Jul 9, 2019

As Iran seeks negotiating leverage, risks of miscalculation multiply

Iranian President Hassan Rouhani. Photo: Handout/Anadolu Agency/Getty Images

Iran's latest escalation — exceeding a key limitation of the 2015 nuclear agreement — continues its calculated, 2-pronged strategy to ratchet up pressure on the U.S.

The big picture: In the past 2 months, Iran or its proxies have allegedly attacked 6 oil tankers, shot down 2 U.S. drones and struck Saudi oil infrastructure. Meanwhile, Iran has taken a step-by-step approach to violating its commitments under the nuclear deal, provoking international condemnation and raising the odds of confrontation.

Details: Iran’s nuclear and regional actions have 3 goals:

  1. Increase costs for the U.S., to deter further pressure or attack by demonstrating willingness to hit back.
  2. Receive economic concessions from the remaining signatories to the nuclear deal (Britain, France, Germany, Russia, China, and the EU), such as purchases of Iranian oil.
  3. Build leverage for future talks, even if Trump is reelected but especially if a Democrat succeeds him.

Between the lines: Iran’s steps have been calibrated to avoid the immediate collapse of the nuclear agreement or a military response from the U.S. or Israel.

  • The attacks in the Gulf did not result in loss of life, and Iran’s nuclear steps are all reversible. Tehran is building leverage, not a bomb.

But, but, but: Despite Iran’s deliberate approach, the danger of miscalculation is high.

  • As Iran racks up nuclear deal violations, it risks pushing away its European friends — not necessarily into the arms of the Trump administration, but toward the conclusion that the nuclear deal is not worth saving.
  • As Tehran turns up the temperature in the region, the greatest risk is the killing of a U.S. soldier or diplomat. Even a president who campaigned on ending U.S. wars in the Middle East would be hard-pressed not to respond militarily.

Henry Rome is an Iran analyst at Eurasia Group.

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Iran nuclear deal crisis talks held amid U.S.-Tehran tension

Iranian Deputy Foreign Minister Abbas Araghchi (2nd L) after talks in Vienna, Austria. Photo: Askin Kiyagan/Anadolu Agency via Getty Images

Diplomats from Iran, Germany, France, Britain, China, Russia and the European Union recommitted Sunday to saving Tehran's 2015 nuclear deal after "constructive" talks in Vienna, a senior Iranian official said, according to AP.

Why it matters: The talks come at a time of heightened tension between the West and Iran, after the U.S. withdrew from the deal and hit Tehran with sanctions. Hours before the talks, the U.S. and Israel said they tested a missile defense system in Alaska. The goal is to intercept long-range missiles from Iran, Barak Ravid writes for Axios.

What they're saying: Iranian Deputy Foreign Minister Seyed Abbas Araghchi told reporters after that while not every issue was resolved, those present were "determined to save this deal," per AP.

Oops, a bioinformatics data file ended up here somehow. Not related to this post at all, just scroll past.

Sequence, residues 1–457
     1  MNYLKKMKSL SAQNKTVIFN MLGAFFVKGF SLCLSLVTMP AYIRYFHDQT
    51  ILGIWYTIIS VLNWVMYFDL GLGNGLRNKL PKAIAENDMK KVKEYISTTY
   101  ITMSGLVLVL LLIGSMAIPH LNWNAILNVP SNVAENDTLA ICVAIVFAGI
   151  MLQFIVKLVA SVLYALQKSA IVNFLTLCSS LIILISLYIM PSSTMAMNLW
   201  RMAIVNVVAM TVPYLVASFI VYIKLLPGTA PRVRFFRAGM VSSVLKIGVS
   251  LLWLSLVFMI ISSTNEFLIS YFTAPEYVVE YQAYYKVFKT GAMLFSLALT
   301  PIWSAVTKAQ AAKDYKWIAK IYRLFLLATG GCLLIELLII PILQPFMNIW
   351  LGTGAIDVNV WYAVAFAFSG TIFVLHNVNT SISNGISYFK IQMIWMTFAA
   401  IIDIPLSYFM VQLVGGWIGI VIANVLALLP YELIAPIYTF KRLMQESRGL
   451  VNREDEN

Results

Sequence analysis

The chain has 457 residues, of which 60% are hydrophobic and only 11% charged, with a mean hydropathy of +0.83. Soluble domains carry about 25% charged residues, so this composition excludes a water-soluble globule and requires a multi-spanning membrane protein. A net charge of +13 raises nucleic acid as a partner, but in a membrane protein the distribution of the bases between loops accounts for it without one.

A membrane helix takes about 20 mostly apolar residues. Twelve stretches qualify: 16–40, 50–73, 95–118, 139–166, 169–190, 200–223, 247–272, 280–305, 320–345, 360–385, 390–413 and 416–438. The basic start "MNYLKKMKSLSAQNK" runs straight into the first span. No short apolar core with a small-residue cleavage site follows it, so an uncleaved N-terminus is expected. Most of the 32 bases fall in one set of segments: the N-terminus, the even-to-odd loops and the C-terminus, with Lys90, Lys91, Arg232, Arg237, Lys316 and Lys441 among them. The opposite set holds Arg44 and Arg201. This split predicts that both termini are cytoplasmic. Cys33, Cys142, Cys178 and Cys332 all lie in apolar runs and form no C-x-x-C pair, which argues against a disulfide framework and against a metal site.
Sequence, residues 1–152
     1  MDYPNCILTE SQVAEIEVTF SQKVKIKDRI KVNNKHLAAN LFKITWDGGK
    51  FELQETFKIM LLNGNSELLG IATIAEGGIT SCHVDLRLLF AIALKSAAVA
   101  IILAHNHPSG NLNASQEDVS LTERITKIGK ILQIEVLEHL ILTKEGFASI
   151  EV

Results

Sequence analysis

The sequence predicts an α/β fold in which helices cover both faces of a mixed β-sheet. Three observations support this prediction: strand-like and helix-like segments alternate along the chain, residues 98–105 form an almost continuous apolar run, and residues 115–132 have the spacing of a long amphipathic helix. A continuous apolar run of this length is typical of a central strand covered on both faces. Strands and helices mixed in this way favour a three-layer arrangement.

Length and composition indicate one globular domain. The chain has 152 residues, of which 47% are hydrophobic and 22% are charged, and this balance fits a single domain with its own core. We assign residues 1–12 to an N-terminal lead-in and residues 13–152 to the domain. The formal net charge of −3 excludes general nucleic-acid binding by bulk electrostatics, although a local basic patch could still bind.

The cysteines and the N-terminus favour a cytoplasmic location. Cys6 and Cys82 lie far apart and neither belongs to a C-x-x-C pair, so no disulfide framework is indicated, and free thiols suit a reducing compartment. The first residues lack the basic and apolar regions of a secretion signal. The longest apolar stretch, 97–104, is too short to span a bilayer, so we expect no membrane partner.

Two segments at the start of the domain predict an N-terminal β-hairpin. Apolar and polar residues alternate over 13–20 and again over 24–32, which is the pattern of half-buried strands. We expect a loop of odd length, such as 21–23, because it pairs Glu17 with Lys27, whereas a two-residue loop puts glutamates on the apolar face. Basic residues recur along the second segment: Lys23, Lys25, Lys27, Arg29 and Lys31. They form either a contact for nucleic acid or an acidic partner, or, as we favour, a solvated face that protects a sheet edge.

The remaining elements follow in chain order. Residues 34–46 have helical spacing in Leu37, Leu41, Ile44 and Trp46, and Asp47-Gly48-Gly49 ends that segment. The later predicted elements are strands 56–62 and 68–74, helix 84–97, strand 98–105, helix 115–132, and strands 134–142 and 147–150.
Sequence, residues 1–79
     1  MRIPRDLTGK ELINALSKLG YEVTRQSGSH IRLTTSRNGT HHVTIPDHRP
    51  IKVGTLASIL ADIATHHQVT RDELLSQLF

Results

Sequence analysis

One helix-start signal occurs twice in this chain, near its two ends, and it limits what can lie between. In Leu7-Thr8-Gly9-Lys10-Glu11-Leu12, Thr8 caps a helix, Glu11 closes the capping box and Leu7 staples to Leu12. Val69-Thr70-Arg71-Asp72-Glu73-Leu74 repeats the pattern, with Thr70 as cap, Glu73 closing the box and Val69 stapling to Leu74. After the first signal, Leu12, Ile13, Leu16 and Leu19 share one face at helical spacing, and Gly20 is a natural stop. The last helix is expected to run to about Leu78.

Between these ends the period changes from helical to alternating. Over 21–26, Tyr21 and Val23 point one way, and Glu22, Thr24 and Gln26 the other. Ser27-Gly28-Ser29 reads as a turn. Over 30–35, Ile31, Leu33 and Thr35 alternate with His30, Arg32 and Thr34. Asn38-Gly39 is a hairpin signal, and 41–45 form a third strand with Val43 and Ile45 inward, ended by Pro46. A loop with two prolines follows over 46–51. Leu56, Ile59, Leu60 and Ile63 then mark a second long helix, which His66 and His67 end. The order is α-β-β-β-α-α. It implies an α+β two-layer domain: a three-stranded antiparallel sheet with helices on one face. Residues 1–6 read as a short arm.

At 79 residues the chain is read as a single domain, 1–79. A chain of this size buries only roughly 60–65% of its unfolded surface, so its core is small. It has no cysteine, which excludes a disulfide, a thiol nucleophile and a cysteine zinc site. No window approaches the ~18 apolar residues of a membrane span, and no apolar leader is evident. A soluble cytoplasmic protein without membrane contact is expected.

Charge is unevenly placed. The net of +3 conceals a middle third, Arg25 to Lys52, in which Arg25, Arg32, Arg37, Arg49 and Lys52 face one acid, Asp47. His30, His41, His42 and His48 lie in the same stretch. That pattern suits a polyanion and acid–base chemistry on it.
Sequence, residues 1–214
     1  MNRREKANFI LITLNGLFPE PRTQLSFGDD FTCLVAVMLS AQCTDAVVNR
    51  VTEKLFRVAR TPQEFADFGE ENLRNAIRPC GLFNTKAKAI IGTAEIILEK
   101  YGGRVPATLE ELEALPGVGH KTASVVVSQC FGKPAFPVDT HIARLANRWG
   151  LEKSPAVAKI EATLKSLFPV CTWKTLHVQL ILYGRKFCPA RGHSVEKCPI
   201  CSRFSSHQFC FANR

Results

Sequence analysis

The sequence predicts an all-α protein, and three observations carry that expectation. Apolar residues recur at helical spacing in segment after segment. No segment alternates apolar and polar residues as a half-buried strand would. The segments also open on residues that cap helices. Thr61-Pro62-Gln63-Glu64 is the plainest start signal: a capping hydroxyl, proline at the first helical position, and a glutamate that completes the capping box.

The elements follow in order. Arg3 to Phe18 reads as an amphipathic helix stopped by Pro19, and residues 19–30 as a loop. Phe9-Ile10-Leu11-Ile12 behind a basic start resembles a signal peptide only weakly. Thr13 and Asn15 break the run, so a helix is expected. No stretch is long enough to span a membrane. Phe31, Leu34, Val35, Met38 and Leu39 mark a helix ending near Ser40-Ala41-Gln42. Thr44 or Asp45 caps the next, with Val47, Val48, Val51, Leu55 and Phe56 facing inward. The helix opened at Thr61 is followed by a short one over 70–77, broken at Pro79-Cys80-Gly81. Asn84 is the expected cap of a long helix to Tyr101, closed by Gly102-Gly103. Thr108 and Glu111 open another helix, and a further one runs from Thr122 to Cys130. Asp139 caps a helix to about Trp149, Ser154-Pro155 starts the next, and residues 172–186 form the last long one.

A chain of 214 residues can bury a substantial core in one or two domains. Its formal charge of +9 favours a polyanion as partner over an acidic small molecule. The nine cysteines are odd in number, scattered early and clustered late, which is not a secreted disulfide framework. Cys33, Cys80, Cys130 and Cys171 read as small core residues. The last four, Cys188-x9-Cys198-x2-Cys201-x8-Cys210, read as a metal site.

The big picture: The United Nations' nuclear watchdog confirmed this month that Iran has followed through on its threat to enrich uranium beyond the purity limit set under the 2015 nuclear deal.

What's next: There was a general agreement at Sunday's talks to organize a higher-level meeting of foreign ministers soon, though no date had been set, according to AP.

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Iran says it seized foreign oil tanker in Strait of Hormuz

Oil tankers in the Strait of Hormuz. Photo: Marwan Naamani/AFP/Getty Images

Iranian state TV announced Thursday that the country's Revolutionary Guard seized a foreign tanker with 12 crew members onboard in the strategic Strait of Hormuz, accusing the ship of smuggling fuel, per the AP.

The big picture: While the Iranian report did not identify which country the ship belonged to, a U.S. official told the AP that it was likely a small, Panamanian-flagged tanker that operated around the United Arab Emirates and had turned off its tracking equipment on Sunday.

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U.S. sanctions on Iran are becoming an end, not a means

Iranian Foreign Minister Mohammad Javad Zarif. Photo: Atta Kenare/AFP/Getty Images

The Trump administration's decision to put Mohammad Javad Zarif, Iran’s mellifluous foreign minister, on the Treasury Department’s sanctions list makes clear that the means of pressure and sanctions have increasingly become the end goal of the U.S.' Iran policy.

The big picture: When President Trump withdrew from the Iran nuclear deal last May, he insisted he could negotiate a much better agreement. More than a year later, however, the U.S. is no closer to such talks, dangers across the Middle East have escalated and the man who would have led Iran's negotiations has been sidelined — at least from the Trump administration's point of view.

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